Articular cartilage tissues were obtained from OA patients with knee/hip replacement and lower extremity amputation by accident (without OA history, normal articular cartilage tissues were obtained during the operation). The samples were placed in aseptic plates containing PBS with penicillin sodium and streptomycin (1 × 1010 U/l) and brought to a clean bench. Cartilage tissues in articular surface were cut and abandoned using a surgical blade thin layer to avoid thin layer of fibrous cartilage on osteophytes surface. Cartilage sheets in joint-centre region were cut and taken using a surgical blade thin layer in avoidance of subchondral bone tissues. The samples were washed with 10 ml PBS containing double antibodies (1 × 1010 U/l) three times and then dissected into pieces (1 mm3) using ophthalmic scissors. The samples was added with 3 ml 0.05% collagenase II (prepared with DMEM supplemented with 10% FBS) and digested in a CO2 incubator at 37°C for 30 min. After blown and beaten lightly, the samples were centrifuged at 800 rev/min for 3 min. The supernatant was abandoned. Subsequently, the samples were added with 5 ml 0.2% collagenase II and digested in a CO2 incubator at 37°C for 8–10 h, with oscillation in every other hour. Turbid cell suspension was collected and filtered using a 120-mesh nylon screen. The clustered cells were beaten thoroughly. Then the samples were centrifuged at 1000 rev/min for 10 min and resuspended with PBS in triplicates. Finally, the samples were resuspended using DMEM and counted. The samples (2.5 × 104/cm2) were monolayer cultured under routine conditions in a culture dish. The medium was changed after 48 h and non-adherent cells were removed. The passage cells were obtained and identified using Toluidine Blue staining. These experiments were repeated three times.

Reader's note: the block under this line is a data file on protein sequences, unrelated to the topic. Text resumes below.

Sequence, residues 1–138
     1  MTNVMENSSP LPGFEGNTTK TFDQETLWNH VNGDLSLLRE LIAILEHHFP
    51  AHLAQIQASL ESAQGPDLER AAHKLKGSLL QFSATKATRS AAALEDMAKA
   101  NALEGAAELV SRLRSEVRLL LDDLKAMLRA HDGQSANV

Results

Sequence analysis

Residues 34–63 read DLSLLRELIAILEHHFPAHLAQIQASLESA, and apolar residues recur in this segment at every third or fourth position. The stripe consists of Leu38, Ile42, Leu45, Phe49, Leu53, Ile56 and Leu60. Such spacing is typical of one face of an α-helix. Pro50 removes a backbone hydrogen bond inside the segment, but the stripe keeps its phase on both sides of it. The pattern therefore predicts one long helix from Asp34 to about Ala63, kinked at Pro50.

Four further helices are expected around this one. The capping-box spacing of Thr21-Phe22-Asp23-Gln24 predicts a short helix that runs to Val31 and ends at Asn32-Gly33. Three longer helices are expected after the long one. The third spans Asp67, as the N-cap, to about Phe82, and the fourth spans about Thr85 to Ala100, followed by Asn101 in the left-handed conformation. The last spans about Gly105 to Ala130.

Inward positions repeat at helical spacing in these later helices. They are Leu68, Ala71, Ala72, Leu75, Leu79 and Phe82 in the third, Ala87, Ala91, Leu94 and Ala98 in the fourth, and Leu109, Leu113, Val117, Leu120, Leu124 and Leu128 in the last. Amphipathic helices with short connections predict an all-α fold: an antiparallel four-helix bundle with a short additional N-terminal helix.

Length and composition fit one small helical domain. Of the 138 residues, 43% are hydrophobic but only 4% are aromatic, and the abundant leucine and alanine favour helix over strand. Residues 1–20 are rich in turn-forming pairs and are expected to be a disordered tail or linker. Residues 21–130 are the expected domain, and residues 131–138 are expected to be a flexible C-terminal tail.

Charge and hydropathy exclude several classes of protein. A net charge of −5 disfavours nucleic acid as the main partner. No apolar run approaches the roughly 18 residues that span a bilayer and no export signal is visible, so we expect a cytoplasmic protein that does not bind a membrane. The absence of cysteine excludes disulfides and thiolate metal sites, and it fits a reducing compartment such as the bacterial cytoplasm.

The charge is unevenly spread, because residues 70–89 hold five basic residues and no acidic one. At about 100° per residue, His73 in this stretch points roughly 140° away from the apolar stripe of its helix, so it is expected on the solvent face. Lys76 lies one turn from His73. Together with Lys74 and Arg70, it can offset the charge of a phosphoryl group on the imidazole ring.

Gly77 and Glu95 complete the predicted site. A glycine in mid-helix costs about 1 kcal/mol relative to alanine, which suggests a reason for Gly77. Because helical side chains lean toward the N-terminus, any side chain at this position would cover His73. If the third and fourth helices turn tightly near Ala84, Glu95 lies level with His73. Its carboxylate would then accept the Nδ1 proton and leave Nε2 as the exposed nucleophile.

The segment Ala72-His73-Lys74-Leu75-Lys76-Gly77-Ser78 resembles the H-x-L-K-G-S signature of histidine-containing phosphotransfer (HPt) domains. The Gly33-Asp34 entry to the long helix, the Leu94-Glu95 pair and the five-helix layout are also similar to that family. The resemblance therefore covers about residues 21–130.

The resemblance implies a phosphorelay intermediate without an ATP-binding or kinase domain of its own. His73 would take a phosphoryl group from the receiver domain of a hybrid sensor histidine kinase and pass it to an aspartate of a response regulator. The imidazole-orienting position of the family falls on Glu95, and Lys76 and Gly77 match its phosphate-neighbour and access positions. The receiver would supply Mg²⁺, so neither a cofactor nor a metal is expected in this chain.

Cell grouping

Human OA and normal chondrocytes in the logarithmic growth phase were collected and divided into seven groups: the normal group (normal chondrocytes), the blank group (OA chondrocytes without any transfection), the NC group (OA chondrocytes transfected with nonsense sequences), the miR-146a mimics group (OA chondrocytes transiently transfected with miR-146a mimics plasmid), the miR-146a inhibitors group (OA chondrocytes transiently transfected with miR-146a inhibitors plasmid), the miR-146a inhibitor + si-TRAF6 group (OA chondrocytes transfected with miR-146a inhibitors plasmid and TRAF6 siRNA sequences) and the si-TRAF6 group (OA chondrocytes transfected with TRAF6 siRNA sequences). TRAF6 siRNA, miR-146a mimics, miR-146a inhibitors and small RNA molecules (negative control (NC)) were synthesized by Life Technologies. miR-146a mimics, inhibitors and 3 μl NC diluted to 20 μmol/l were then diluted to 150 μl in the serum-free medium (SFM) and mixed with 150 μl Lipofectamine 2000 (Invitrogen Inc., Carlsbad, CA, U.S.A.). The third-generation cells in the logarithmic growth phase were inoculated in six-well plates with 1 × 105 cells per well, which were cultured in normal medium containing 2 ml serum without antibiotics. Cells were transfected to 150 μl and final concentration was 50 nmol/l when cell fusion reached approximately 60–70%. The total RNA was isolated at 24 h after transfection for further studies.